One enjoyable aspect of Politico's campaign 2012 e-books is the braggadocio. There is an unmissable subtext: Politico has been owning this campaign, and the rest of the media's been chasing it. And you, the reader who just spent a whole 3/4 of a frappucino on this e-book, are in on it.
In the last e-book, The Right Fights Back, authors Mike Allen and Evan Thomas told the story of the Herman Cain sexual harassment scoop over two pages. Jonathan Martin's confrontation with a lying Cain, caught on tape, was retold minute-by-minute.
POLITICO eventually found six people who knew details of the tense encounter... within a week, at least half a dozen women were making allegations to reporters across Washington... Martin did not want to confront Cain while there were other reporters standing around outside the bureau...
The new e-book, Inside the Circus, tells of an early meeting with "a high-level Washington lobbyist."
Hundreds of people, he said, had known about the sexual harassment allegations against Cain at the National Restaurant Association; how had the press been so slow to catch on? Was it because they were lazy? Or maybe just enjoying the Herman Cain show too much to check him out?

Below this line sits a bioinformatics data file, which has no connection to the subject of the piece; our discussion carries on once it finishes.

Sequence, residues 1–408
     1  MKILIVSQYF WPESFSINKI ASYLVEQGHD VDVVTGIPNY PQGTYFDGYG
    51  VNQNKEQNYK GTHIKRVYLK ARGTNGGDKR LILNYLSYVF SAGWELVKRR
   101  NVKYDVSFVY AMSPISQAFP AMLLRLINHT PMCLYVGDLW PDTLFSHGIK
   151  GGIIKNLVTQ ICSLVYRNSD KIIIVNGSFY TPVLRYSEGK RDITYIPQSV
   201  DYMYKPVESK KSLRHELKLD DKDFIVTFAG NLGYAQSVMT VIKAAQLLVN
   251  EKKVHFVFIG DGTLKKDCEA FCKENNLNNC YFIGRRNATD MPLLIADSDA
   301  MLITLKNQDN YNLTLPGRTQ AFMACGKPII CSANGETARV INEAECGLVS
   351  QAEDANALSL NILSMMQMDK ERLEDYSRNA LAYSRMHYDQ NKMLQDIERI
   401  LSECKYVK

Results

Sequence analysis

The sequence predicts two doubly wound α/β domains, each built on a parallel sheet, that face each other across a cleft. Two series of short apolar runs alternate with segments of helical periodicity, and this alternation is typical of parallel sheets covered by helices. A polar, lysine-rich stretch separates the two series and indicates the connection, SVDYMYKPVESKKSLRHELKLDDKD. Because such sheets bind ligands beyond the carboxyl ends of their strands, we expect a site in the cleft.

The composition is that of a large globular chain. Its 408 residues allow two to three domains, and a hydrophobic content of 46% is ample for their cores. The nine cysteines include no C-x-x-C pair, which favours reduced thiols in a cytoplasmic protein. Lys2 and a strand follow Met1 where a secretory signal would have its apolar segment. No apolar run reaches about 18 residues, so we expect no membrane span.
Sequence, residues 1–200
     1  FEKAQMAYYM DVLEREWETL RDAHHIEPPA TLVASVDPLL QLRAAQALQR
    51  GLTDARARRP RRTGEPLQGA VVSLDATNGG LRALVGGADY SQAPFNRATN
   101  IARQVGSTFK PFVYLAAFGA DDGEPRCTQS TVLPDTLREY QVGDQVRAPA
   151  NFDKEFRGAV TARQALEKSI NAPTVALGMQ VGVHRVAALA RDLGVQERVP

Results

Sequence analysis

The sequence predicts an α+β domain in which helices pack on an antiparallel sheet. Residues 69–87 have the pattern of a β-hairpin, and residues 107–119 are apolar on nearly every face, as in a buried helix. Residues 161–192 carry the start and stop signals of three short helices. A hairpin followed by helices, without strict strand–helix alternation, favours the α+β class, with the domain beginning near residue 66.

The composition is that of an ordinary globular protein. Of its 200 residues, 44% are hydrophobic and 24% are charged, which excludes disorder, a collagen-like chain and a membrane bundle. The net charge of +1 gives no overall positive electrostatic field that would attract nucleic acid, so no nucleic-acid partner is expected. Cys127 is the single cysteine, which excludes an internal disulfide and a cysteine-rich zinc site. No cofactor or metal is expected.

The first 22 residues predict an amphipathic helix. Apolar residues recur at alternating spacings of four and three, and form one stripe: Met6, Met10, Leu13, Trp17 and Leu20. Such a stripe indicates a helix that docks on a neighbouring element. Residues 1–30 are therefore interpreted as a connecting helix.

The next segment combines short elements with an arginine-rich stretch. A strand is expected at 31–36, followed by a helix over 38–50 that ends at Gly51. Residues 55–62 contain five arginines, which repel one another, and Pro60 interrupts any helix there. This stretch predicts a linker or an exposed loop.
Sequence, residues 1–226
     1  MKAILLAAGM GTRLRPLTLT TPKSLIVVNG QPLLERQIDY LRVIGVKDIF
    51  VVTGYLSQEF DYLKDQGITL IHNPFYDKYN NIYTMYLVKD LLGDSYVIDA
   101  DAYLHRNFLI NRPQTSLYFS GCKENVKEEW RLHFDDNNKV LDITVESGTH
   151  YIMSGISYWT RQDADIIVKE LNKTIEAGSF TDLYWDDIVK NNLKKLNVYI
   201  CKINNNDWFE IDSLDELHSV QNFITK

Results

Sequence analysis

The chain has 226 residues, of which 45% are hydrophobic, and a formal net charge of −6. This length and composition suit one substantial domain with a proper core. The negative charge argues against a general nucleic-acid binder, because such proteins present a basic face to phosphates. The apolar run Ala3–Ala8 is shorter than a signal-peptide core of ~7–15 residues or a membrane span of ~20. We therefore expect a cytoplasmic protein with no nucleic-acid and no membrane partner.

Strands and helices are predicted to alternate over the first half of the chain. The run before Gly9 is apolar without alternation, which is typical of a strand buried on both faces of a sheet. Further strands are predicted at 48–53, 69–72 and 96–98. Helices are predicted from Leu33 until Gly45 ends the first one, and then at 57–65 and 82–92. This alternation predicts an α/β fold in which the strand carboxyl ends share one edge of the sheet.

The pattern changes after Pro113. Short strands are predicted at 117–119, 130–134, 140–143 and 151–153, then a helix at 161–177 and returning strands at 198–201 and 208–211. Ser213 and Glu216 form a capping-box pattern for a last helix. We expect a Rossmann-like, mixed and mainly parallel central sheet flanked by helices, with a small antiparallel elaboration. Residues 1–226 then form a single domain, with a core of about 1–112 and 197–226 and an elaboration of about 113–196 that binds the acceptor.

How lame was the rest of the media, amiright? Contrast this with how the e-book covers the Daily Caller's damaging scoop about Michele Bachmann's migraines.
Dirty tricks and underhanded attacks are part of politics... someone told the Daily Caller, a conservative website, that Bachmann was subject to incapacitating migraine headaches... the health rumors were exaggerated, her campaign manager, Keith Nahigian, told us.
Then, later, we learn that Bachmann "did take medication to control her migraines." Odd, given how the story was just a dirty trick played on a conservative website.